Whopper is a deep value investor and the founder of whopperinvestments.com. He can be reached at whopperinvestments @ gmail . com”
Boss Holdings (first mentioned here) is a stock I have mentioned a couple of times. They are a distribution company involved in everything from industrial gloves to pet accessories. What’s interesting about them is they are both profitable and trade at a significant discount to the net-net assets (current assets minus all liabilities).
Boss reported earnings last week, though you’d never know it because they went “dark” to the pinksheets last year and no longer issue press releases announcing earnings or file with the SEC. Instead, you can find theirfourth quarter and full year results here.
What does value investing really mean? Q1 2021 hedge fund letters, conferences and more Some investors might argue value investing means buying stocks trading at a discount to net asset value or book value. This is the sort of value investing Benjamin Graham pioneered in the early 1920s and 1930s. Other investors might argue value Read More
Looking first to the balance sheet, the net net thesis is certainly still intact. The company now has net-net current assets of over $13.35 per share and tangibe book per share of over $16 per share versus a current price of ~$9.25 per share.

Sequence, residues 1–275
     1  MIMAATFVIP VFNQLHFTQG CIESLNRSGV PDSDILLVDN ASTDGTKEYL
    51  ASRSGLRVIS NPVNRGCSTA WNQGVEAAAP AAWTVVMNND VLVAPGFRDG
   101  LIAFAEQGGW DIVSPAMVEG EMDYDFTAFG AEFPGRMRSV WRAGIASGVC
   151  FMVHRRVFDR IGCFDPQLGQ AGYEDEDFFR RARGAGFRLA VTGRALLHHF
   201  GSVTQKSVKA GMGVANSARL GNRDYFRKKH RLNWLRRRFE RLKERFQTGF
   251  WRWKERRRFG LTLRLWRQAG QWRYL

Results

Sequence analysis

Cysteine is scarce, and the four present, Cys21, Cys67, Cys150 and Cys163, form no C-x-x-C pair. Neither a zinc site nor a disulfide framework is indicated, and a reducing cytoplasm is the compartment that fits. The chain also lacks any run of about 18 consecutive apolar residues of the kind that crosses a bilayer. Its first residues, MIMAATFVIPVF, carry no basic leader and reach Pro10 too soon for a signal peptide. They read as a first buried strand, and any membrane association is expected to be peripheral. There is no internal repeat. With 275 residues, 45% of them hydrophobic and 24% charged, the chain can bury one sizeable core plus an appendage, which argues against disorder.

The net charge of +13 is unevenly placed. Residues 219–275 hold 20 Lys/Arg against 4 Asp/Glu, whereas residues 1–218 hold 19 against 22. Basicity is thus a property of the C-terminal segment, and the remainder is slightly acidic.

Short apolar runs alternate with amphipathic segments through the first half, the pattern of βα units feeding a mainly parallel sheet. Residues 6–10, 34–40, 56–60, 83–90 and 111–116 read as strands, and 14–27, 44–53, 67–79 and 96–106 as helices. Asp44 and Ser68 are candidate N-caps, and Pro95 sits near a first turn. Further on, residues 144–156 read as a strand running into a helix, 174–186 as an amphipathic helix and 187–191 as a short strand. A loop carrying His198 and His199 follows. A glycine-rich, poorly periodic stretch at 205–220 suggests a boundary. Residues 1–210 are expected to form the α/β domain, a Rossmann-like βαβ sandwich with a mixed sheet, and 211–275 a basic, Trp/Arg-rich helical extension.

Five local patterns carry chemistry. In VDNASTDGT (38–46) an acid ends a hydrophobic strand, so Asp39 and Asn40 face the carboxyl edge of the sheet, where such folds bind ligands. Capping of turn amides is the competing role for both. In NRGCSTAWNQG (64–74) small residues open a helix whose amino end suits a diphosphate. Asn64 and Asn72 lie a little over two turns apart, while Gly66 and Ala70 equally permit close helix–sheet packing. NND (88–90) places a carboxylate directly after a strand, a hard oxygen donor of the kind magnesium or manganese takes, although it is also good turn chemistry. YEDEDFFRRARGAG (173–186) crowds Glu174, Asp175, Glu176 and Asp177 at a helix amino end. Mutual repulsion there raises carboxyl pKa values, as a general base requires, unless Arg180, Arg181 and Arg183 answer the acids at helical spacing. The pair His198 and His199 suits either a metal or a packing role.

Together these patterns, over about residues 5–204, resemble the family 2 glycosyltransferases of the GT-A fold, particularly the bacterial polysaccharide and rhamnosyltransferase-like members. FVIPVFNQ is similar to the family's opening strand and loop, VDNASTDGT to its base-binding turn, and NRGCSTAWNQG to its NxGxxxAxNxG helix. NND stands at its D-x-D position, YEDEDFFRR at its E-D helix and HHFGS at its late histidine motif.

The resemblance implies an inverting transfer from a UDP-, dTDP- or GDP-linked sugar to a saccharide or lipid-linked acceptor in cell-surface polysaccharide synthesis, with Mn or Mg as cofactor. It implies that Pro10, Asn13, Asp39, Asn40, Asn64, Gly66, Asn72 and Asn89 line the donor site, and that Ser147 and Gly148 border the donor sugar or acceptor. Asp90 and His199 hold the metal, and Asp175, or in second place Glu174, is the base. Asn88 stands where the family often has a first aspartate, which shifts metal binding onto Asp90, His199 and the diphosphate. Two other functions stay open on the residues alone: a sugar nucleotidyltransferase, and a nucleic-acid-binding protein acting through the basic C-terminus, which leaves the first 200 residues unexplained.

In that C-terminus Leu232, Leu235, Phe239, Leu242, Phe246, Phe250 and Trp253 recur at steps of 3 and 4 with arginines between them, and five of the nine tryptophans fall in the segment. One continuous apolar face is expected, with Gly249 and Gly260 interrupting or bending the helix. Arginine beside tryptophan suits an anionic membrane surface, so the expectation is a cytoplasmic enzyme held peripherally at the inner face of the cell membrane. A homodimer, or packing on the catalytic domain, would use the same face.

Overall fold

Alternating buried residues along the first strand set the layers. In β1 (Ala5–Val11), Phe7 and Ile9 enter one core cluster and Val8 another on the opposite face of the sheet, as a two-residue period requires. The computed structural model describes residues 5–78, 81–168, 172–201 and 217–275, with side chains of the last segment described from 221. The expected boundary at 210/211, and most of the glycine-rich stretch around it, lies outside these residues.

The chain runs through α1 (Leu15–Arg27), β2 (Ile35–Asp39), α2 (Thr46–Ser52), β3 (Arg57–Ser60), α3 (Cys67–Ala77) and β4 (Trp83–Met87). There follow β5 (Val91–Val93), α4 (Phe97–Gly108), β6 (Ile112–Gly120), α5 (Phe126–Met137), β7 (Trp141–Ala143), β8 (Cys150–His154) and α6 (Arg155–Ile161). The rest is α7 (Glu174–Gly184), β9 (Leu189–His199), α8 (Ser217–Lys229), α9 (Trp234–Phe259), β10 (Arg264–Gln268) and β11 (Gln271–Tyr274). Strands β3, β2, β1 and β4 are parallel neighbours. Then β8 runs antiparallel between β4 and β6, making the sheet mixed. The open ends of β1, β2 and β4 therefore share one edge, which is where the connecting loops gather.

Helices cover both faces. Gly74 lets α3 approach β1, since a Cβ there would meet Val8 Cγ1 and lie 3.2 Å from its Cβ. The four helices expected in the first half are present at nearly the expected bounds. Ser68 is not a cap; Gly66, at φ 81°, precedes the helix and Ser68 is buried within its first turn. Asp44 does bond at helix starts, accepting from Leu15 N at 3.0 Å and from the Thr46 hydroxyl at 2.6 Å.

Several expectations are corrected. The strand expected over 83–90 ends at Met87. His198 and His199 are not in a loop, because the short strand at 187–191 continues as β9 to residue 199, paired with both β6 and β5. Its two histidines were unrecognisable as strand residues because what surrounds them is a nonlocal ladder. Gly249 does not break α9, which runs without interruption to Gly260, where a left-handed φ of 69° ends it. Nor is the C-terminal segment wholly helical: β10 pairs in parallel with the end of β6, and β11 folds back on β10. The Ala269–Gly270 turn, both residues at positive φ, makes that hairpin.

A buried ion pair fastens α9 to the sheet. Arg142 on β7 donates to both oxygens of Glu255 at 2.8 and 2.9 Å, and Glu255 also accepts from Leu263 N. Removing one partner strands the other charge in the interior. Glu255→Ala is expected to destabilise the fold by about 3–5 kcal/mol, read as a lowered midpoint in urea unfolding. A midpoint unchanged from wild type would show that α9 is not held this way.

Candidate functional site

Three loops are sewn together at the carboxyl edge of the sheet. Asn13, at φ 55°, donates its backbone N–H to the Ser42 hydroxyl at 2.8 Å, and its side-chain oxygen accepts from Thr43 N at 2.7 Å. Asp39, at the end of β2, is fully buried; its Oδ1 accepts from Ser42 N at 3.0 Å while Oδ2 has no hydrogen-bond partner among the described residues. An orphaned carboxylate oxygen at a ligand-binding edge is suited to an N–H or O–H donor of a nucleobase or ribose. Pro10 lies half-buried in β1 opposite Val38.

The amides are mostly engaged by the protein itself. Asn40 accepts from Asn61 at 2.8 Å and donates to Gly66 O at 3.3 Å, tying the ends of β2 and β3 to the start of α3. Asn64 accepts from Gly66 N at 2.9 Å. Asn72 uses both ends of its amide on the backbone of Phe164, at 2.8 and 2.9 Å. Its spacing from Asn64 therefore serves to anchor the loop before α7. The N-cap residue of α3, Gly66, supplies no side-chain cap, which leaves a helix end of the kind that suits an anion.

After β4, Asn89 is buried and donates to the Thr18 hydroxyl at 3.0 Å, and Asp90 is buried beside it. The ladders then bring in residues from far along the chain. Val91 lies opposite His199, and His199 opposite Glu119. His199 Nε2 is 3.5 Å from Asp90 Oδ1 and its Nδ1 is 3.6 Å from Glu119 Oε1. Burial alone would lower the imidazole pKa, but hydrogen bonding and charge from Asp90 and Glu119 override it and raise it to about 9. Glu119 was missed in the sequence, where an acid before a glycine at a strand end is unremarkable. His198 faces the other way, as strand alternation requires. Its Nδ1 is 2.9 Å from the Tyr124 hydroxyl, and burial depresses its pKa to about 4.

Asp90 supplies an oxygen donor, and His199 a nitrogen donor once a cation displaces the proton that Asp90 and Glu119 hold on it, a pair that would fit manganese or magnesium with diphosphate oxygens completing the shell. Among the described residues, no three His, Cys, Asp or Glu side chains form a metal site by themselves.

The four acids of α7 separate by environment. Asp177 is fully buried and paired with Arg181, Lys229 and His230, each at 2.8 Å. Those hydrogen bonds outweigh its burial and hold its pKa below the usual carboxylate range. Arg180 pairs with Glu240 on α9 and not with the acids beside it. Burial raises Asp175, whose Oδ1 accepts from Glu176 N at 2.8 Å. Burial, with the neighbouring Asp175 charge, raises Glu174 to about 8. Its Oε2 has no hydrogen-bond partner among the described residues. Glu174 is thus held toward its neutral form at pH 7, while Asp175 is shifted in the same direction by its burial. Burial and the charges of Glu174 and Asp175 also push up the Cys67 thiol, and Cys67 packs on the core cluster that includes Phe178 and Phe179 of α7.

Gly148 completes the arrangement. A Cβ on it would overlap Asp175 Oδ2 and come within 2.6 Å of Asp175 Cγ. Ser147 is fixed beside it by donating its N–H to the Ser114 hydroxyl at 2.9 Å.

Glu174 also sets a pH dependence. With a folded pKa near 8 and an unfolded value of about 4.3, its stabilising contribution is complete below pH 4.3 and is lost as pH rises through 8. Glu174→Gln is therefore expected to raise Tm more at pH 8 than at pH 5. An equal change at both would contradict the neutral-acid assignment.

Looking at the income statement, results seem to be accelerating. All of the company’s divisions were up high single to mid double digits year over year, and the Aries acquisition (a distributor of cell phone accessories they acquired midway through the year) seems to be doing excellent so far, though it’s much too early to assess how the acquisition will work out long term.
On earnings term, operating income increased from $1.92m to $2.94m (or $1.48 per share) year over year and EBITDA increased from $2.56m to $3.59m (or $1.81 per share). With the current share price of $9.25, they trade at 6.25x Market Cap / EBIT and 5.11x Market Cap / EBITDA. In addition, the company has significant excess cash. Factoring that in, they trade at an EV / EBIT of 5.19x and EV / EBITDA of 4.25x.
As a bonus, the company has significant NOL which will allow them to avoid paying taxes in the future. Some of these NOLs are on balance sheet, while some have a valuation allowance against them and are those held off balance sheet. The bottom line is this- the company won’t be paying any cash to the tax man for a while, with makes their EBIT / EBTIDA measures more valuable than similar companies and a more accurate proxy for post tax cash flow.
Is this a company I’d want to have my entire portfolio in? No, of course not. Their ROE and ROIC measures are way too low and management appears to be way overpaid. But as a part of a net-net basket or a basket of extraordinarily statistically cheap stocks? I think it makes an incredible addition! Most net-nets, especially today, are declining businesses burning through cash and/or generating huge losses. Boss is just the opposite- much like DUCK, another net-net I’ve mentioned, Boss is consistently profitable (positive operating income for at least the past 8 years) and generates plenty of cash However, unlike DUCK, Boss also has some strong growth prospects and the potential to improve its ROE metrics.
Disclosure- Long BSHI
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